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Community & Business Groups

Suggestions of Silver Design Sprint


The Silver Task Force and the W3C Silver Community Group are performing the preliminary work for the successor to the Web Content Accessibility Guidelines (WCAG).  The Silver Design Sprint of March 19 & 20 held at San Diego State University addresses problem statements identified by the year of research completed by the Silver Task Force, the Silver Community Group, and their research partners.  This research was used to develop 11 problem statements that needed to be solved for Silver.   The detailed problem statements include the specific problem, the result of the problem, the situation and priority, and the opportunity presented by the problem.  The problem statement were organized into three main areas:  Usability, Conformance, Maintenance.

Suggestions from Silver Task Force and Community Group

These recommendations come from the members of the Silver Task Force and Community Group after discussing the results of the Design Sprint. The full report of the Design Sprint is publicly available.  The context of the recommendations is specific to the Design Sprint and will intersect with other needs of the project. Therefore, not all recommendations will necessarily be implemented as suggested, but provide an important base of input to future planning.


  1. Take existing WCAG 2.1 guidance and rewrite it in plain language using editors with simple language or plain language experience.  The existing success criteria may need to be updated, but most of WCAG 2.1 guidance is still valid.  It needs more clarity, ease of reading and ease of translation.
  2. Organize the data in small snippets that can be coded and categorized so they can be assembled dynamically to meet the needs of the person looking for information.
  3. Create a comprehensive view for W3C Technical Report purposes, and for those who need to view the total document.
  4. Create a solution that addresses the needs of people to find information by role, problem, by disability, and by platform.  How can people discover what they need to know?
  5. Design a homepage that is oriented toward helping beginners that is separate from the W3C Technical Report.  Include shortcuts for expert users who know what they want (e.g a code sample for an accessible tab panel)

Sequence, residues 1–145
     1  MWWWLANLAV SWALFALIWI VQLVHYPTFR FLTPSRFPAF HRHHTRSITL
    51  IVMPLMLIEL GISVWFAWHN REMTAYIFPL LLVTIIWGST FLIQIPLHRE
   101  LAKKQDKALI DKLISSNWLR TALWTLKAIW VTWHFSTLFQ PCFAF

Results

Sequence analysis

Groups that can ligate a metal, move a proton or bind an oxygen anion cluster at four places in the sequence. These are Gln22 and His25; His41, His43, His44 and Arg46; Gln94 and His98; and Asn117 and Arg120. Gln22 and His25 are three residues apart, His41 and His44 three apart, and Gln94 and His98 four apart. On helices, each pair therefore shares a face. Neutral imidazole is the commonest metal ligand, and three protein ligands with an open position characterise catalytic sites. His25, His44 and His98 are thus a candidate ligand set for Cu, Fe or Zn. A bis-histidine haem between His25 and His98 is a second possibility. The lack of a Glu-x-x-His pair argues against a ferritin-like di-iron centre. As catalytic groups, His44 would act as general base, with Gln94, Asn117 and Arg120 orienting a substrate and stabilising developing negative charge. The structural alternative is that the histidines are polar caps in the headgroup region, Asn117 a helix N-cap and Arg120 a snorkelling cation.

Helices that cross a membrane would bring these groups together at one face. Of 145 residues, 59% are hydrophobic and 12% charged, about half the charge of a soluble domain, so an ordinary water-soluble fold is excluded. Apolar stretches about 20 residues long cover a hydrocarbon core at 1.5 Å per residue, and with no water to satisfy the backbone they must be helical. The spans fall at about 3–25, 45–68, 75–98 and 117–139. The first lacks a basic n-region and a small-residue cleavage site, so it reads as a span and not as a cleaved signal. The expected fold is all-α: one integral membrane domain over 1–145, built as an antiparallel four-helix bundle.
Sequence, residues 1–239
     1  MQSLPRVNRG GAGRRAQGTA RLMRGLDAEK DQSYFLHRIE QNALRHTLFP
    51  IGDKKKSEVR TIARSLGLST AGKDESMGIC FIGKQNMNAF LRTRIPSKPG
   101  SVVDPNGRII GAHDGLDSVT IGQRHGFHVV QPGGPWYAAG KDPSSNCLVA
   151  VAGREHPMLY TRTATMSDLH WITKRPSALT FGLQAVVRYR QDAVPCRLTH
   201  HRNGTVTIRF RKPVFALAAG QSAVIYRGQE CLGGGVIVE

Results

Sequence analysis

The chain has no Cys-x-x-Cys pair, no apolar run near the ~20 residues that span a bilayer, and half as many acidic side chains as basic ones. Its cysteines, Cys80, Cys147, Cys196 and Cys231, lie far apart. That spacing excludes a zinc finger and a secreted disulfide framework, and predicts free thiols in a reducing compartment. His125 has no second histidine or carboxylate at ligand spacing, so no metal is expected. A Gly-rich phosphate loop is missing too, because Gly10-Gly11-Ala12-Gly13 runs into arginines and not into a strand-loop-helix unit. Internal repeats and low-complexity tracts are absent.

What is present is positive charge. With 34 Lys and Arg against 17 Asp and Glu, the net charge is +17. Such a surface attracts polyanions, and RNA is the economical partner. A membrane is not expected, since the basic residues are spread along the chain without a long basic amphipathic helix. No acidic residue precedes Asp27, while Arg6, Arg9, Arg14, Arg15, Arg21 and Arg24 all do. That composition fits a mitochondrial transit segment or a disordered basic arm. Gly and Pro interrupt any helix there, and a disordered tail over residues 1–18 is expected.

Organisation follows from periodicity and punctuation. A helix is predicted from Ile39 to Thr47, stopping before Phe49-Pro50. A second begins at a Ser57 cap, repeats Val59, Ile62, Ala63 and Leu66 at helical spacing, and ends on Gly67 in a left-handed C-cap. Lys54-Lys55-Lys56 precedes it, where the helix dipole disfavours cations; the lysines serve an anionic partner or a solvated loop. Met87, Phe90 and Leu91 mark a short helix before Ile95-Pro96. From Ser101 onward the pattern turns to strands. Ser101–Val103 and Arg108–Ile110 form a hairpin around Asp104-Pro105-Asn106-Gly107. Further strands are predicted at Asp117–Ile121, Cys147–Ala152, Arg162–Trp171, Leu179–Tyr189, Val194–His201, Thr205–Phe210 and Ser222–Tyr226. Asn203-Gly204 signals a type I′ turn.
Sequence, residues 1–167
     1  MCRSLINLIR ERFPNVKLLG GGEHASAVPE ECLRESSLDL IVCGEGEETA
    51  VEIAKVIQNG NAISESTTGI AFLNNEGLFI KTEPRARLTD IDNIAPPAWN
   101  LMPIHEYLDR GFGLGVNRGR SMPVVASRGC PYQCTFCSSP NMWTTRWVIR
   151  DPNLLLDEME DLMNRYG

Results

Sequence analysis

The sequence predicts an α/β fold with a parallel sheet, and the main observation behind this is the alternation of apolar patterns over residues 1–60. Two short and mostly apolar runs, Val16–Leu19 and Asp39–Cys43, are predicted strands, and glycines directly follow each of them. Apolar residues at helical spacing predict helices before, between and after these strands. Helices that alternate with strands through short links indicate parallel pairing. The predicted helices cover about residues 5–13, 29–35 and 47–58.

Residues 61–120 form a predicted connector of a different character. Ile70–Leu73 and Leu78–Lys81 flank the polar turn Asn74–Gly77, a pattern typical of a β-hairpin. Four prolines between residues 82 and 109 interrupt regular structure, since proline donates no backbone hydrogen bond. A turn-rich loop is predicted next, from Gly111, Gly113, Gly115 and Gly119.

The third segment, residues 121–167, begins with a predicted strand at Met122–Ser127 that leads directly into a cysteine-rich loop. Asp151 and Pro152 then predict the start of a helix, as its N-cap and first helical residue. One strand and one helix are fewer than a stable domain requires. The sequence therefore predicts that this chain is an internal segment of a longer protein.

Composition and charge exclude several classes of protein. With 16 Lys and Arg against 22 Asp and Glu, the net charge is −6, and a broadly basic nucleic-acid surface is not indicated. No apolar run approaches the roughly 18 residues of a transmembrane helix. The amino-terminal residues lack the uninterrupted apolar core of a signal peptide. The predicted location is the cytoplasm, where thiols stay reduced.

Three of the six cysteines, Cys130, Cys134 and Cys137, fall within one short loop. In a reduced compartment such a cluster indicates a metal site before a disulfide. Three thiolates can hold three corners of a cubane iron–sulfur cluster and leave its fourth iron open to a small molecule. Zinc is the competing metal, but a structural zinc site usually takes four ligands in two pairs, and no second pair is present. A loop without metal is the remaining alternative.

1. Design a conformance structure and style guides that shift emphasis from “testability” to “measureability” so that guidance can be included that is not conducive to a pass/fail test.  Pass/ fail tests can be included, but they are not the only way to measure conformance.
  2. Develop scorecard or rubric measures for testing task accomplishment, instead of technical page conformance.
  3. Develop a point and ranking system that will allow more nuanced measurement of the content or product: e.g. a bronze, silver, gold, platinum rating where the bronze rating represents the minimal conformance (roughly equivalent to meeting WCAG 2 AA), and increasing ranks include inclusive design principles, task-based assessment, and usability testing.
  4. Include a definition and concept for “substantially meets” so people are not excessively penalized for bugs that may not have a large impact on the experience of people with disabilities.
  5. Remove “accessibility supported” as an author responsibility and provide guidance to authoring tools, browsers and assistive technology developers of the expected behaviors of their products.
  6. Develop a more flexible method of claiming conformance that is better suited to accommodate dynamic or more regularly updated content.


  1. Develop a core of rarely-changing requirements (normative) with modules of platform oriented advice, examples, tests, and support materials that can be updated as technology changes.
  2. Develop a method for accessibility experts to contribute new content, such as design patterns, codes and tests, where the experts vote material up and down without waiting for working group approval.
  3. Change the working group process to include Community Group participation.
  4. Improve access to specification development tools (e.g. Github) so that people with disabilities can more easily participate in spec development, whether through new or modified tooling. There are existing efforts that can be incorporated and improved on.
  5. Develop specification content a small amount of guidance at a time, and fully develop the content before including it in the spec.  Keep a public schedule when issues will be worked on, so the public can contribute in a timely manner.
  6. Keep a changelog of all changes to the spec so it is easy for reviewers to find the changes.

Next Steps

All the problem statements (and other ideas) need prototypes for the group to evaluate.  The following problem statements need more detailed ideas and prototypes, as they were not directly addressed in the Design Sprint prototypes:

  • Ambiguity
  • Persuading Others
  • Evolving Technologies
  • Scaling
  • Governance

The suggestions all need more design and development into working prototypes.  The Silver project participants invite you to share ideas and prototypes with us.

Interested in helping contribute? Join the Silver Community Group and reach out to the Silver Task Force at The Silver Community Group is open to the public and only requires a free W3C account. If you have an account but have lost the password, you can recover your W3C password.

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